To support the Maker democratization spirit, MATLAB and Simulink now include direct deployment to low-cost boards like Arduino Due and Raspberry Pi. A MATLAB home license allows access to tools that previously lived only in the commercial and academic spaces. With Model-Based Design, makers can now use MATLAB and Simulink with their low-cost hardware projects, finding bugs with simulation on their desktop, and avoiding having to spend so much time debugging on target.
To celebrate this capability, MathWorks kicked off an open project that included everything necessary to simulate and build a little autonomous 3D printed Mars Rover. The simulation model demystifies numerical simulation, as it shows concretely how design can become more intuitive using the graphical approach provided with Simulink. Here, the state machine guides the discovery of waypoints based on what the simulated camera finds in the scene.
Implementing such a state machine in a text-based approach would be much less direct. Without simulation, each debug iteration would require compilation and download, so it would be more time consuming. To industry veterans using model-based design to create highly complex control systems, there may be no surprise apart from seeing how their secret design tool is now the backbone of a simplified low-cost tool for the rest of the world.
The 3D-printed Mars Rover
Built around a simple 3D-printed chassis, the Rover is based on two very common and low-cost embedded systems: Arduino Due and Raspberry Pi. The ARM Cortex-M-powered Arduino Due and its peripherals allow for future sensor payloads, while the 700 MHz CPU and 512 MB of RAM on Raspberry Pi offer the power of embedded Linux and its community of support. The robot’s current incarnation is limited to a sensor payload of just a webcam and wheel encoders, but this is nevertheless enough for basic navigation and mapping.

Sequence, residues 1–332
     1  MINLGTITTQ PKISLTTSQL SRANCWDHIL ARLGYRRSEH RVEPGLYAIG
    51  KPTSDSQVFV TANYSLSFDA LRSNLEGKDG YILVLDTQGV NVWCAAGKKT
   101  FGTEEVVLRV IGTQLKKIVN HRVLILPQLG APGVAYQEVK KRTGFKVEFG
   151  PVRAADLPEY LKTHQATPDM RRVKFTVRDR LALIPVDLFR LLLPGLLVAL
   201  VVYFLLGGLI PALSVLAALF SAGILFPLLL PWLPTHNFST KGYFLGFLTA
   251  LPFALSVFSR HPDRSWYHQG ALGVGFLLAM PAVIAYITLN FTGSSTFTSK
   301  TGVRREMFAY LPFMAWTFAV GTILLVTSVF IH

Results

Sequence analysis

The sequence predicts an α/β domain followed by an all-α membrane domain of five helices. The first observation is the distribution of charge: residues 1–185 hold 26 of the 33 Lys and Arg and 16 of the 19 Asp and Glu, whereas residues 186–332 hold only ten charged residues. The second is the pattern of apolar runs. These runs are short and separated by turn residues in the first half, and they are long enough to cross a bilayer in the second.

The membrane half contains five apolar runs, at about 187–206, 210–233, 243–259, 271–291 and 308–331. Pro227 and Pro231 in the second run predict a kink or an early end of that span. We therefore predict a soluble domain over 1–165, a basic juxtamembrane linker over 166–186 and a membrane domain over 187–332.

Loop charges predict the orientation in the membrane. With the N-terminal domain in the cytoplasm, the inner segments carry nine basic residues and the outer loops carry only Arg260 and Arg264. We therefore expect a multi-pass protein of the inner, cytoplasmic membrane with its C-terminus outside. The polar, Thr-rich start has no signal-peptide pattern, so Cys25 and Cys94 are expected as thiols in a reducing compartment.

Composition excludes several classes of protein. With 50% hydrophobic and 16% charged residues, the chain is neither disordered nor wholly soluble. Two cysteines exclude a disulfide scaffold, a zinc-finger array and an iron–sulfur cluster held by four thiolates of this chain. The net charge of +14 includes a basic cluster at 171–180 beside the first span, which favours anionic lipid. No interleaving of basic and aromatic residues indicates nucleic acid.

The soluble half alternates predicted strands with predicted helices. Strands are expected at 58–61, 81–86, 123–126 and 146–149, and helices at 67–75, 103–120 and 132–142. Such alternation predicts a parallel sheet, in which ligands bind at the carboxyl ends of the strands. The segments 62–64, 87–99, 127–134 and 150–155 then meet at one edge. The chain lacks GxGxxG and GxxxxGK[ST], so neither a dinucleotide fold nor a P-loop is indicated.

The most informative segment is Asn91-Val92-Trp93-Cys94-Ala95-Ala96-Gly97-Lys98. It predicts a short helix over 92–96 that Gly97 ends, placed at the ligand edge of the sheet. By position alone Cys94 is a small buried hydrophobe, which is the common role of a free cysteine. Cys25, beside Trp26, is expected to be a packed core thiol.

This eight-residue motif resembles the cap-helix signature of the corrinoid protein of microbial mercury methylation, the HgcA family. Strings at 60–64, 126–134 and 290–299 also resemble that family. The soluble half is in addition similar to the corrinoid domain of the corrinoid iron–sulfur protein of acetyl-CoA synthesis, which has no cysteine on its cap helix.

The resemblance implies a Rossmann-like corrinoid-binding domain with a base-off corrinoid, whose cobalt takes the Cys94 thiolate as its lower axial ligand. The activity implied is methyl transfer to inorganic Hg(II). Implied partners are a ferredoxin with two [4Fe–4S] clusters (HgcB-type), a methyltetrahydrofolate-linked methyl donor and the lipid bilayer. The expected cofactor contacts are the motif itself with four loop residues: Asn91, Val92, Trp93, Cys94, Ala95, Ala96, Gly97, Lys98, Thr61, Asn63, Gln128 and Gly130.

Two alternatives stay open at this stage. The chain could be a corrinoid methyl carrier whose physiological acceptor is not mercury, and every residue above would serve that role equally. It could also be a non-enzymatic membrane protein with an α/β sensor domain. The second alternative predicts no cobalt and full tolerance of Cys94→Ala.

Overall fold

At a competition organized by MathWorks at the Paris Maker Faire almost 300 people used the platform to try making the Rover, each getting access to the full design environment and simulation models, and submitting their improvements to qualify for the final event. Twelve teams qualified for the event, with one team coming from as far as India. Each team was provided a robot by MathWorks, which it used the entire day to find and navigate its Martian waypoints faster than the other teams. The Martian waypoints were green dots in a red environment seen by the camera and analyzed by a computer-vision algorithm that detects their locations relative to the robot. A control algorithm then uses these distance and bearing measurements for the robot’s motors to travel from one dot to another. Since then, 3D printers around the world have been replicating the design, and the Maker spirit of democracy rolls on.
3D-printed Mars Rover.
The algorithms designed in the simulation phase are deployed to the Rover’s two processors, at which point the environment allows graphical monitoring and debugging. There’s no need for IDEs, compilers, JTAG emulators, mutexes, communication middleware, or driver stacks. The mantra here is algorithms and hardware. If you like that, model-based design is for you. We invite you to reuse the project as is or do your own thing – innovate, put your twist on it, add sensors or intelligence, build a swarm, and share back to the repository.
Visit MATLAB Central for documentation and MATLAB and Simulink files to power a robot competition/workshop designed around a Mars Rover theme. I hope to see you at this year’s competition just announced on MakerZone.
Paul Cox is an Application Engineer at MathWorks. He received a BSEE degree from the University of Texas at Austin and a Masters in control from Institut National des Sciences Appliquées de Toulouse in France. At MathWorks, he supports embedded customers with deploying control design to 32-bit and other processors. Outside of work, he has built a robot and an autonomous UAV.